A hidden gem in the High Weald of Sussex, sensitively planted to enhance the natural landscape. A botanical treasure trove and classic English idyll make High Beeches one of the finest gardens in the South East


Monday, 16 April 2018

Grandia Rhododendrons


Rh sinogrande

Rh kesangae

Rh macabeanum

Rh montrosesanum
There are five of the eleven Grandia Rhododendrons in the garden here at High Beeches.  Four of them are in flower at the moment.  This is a particularly good year for these rhododendrons as they are flowering later and therefore have not been damaged by frost.  The Grandias are very striking plants growing into small trees or very large shrubs with huge leaves and magnificent flowers.

Rh. sinogrande was first discovered in China by George Forrest in 1912 and it first flowered at Heligan in Cornwall in l919. It can reach 30 feet in height and the leaves can be 15 inches long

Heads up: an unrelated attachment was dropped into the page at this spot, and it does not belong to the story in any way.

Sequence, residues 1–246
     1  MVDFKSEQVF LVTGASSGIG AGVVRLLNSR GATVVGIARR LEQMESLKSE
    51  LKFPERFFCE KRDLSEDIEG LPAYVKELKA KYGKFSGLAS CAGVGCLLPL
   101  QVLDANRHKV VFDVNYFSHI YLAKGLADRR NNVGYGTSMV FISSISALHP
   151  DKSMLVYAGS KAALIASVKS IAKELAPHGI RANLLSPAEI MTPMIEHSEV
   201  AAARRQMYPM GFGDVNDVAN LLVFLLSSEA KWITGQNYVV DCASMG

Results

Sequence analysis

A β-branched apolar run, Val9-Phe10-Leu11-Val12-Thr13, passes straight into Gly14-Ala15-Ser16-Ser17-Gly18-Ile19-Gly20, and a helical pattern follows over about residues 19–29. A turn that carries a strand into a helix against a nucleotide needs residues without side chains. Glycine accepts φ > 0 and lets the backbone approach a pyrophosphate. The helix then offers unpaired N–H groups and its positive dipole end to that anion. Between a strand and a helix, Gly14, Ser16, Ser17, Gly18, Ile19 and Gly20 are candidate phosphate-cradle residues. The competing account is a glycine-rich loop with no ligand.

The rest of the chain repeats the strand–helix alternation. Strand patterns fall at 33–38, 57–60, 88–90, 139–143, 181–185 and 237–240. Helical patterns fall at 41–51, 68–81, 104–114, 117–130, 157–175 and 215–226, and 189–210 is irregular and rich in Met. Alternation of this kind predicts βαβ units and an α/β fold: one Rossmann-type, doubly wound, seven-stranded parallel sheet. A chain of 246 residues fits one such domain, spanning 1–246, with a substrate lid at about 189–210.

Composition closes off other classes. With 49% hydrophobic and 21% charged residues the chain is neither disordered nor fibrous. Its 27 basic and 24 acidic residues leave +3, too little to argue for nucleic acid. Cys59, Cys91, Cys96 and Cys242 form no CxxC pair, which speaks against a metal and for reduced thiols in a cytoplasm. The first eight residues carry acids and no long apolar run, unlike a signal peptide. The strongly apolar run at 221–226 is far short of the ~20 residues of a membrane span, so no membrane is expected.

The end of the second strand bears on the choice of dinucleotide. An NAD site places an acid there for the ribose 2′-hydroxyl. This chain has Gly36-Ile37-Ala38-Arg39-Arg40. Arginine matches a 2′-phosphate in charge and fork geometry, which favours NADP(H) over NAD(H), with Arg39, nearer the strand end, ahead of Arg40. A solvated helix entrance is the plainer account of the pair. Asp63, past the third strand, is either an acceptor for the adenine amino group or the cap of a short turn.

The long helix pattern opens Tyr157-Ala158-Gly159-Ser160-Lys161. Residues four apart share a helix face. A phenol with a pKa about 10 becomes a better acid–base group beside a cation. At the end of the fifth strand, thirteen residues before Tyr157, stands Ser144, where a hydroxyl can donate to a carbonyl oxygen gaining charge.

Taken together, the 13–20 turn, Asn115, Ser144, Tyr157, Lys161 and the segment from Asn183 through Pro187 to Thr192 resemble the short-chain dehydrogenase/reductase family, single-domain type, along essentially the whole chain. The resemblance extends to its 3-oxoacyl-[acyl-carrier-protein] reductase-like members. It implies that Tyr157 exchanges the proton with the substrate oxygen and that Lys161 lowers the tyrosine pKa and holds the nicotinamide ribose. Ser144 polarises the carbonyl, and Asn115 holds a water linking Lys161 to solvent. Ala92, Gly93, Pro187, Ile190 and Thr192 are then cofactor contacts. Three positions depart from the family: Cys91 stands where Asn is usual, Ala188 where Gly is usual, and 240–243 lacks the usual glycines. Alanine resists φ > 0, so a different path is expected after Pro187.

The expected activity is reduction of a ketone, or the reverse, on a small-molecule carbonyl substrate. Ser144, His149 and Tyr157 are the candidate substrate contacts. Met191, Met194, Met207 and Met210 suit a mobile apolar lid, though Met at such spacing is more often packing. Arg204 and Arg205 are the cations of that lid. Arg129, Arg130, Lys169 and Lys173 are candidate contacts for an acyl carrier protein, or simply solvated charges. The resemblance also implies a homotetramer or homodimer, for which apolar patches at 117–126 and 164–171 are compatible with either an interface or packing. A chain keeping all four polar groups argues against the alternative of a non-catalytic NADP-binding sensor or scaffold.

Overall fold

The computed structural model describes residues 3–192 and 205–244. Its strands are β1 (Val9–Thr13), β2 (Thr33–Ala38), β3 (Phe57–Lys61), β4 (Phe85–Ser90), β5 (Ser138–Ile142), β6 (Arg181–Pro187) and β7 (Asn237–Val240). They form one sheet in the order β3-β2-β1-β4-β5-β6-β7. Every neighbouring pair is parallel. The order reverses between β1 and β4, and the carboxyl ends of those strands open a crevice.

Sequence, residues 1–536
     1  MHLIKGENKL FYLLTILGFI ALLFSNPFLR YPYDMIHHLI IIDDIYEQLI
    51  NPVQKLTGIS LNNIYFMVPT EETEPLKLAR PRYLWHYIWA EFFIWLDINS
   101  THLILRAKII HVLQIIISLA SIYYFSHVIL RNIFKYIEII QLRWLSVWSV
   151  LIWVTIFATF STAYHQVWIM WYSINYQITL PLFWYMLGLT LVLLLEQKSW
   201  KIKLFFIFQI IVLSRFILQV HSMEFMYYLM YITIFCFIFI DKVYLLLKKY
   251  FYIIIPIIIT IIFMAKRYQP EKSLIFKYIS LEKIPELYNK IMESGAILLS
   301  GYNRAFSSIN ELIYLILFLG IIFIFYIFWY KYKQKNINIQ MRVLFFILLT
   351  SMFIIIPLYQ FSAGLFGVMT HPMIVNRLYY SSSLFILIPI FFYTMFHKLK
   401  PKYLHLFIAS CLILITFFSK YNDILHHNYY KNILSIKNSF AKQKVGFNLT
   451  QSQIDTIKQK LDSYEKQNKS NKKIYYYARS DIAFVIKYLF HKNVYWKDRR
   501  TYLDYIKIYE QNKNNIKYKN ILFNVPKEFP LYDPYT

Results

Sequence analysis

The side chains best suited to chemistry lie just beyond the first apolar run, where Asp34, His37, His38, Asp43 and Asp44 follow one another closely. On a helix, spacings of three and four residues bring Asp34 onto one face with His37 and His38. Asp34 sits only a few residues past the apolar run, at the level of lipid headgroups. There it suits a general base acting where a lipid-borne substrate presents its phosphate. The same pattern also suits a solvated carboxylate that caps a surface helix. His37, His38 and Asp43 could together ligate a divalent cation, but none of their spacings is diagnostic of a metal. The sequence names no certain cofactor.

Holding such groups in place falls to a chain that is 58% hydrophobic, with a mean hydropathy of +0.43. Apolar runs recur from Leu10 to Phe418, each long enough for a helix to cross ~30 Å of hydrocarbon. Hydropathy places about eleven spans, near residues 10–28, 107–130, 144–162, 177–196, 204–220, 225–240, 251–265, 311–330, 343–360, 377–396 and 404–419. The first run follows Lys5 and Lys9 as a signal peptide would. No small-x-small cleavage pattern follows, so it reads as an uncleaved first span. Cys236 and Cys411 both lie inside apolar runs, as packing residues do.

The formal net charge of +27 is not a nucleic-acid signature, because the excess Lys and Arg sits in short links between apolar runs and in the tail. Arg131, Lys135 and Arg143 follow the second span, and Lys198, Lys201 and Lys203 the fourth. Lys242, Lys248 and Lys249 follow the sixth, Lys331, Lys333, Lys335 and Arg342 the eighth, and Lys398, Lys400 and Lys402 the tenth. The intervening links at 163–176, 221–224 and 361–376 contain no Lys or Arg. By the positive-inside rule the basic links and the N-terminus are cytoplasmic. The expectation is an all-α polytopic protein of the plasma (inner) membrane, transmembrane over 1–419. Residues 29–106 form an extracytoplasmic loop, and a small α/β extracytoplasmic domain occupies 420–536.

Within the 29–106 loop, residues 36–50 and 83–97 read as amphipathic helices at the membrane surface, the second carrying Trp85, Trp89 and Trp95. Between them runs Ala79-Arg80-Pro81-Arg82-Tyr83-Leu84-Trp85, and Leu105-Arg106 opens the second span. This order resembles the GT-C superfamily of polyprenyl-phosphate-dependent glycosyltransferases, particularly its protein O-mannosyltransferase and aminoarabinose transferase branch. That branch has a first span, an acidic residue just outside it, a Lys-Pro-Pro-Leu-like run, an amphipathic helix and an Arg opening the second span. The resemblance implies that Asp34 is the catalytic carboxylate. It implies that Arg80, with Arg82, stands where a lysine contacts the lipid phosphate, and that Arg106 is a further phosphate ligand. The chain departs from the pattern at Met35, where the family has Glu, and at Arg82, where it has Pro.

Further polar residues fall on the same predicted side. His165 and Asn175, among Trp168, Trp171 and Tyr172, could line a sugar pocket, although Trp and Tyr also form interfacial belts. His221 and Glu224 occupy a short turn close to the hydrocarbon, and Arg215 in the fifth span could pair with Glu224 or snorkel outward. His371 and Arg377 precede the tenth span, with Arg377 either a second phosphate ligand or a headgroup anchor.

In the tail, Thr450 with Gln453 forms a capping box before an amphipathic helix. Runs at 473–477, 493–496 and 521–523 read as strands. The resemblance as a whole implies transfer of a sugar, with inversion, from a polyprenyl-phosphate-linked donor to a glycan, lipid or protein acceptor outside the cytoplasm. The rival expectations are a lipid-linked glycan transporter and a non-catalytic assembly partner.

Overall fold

Rh kesangiae is a recent introduction from
Bhutan.  There is a white form as well as the pink.

Rh macabeanum is a native of Assam and was discovered in 1882 by Sir George Watt.  It can make a tree of 40 foot in the wild and its leaves are up to a foot long.  The flowers vary from a pale sulphur yellow to a deep yellow.

Rh. montroseanum (also known as mollyanum) seed was collected by Frank Kingdom Ward in Tibet and was raised at Brodick. It is a large plant with long narrow leaves and striking pink flowes.

The fifth Grandia Rhododendron to be found in the Garden is Rh siderum which has yet to flower. 

Tuesday, 10 April 2018



It has been a difficult spring, cold and wet, which has put the garden at least 2 weeks behind.  The daffodils and pretty miniature narcissi are doing their best to brighten up the garden. 

There were very few of the early Rhododendrons in flower for us to show at the Early Rhododendron Competition at the Savill Garden last weekend.  In spite of the challenging weather there was a great deal of competition from amongst others ExburyNymansCaerhays and Minterne.  High Beeches won the most points for a garden in the South East as well as being 2nd in the class for four vases of different ornamental shrubs.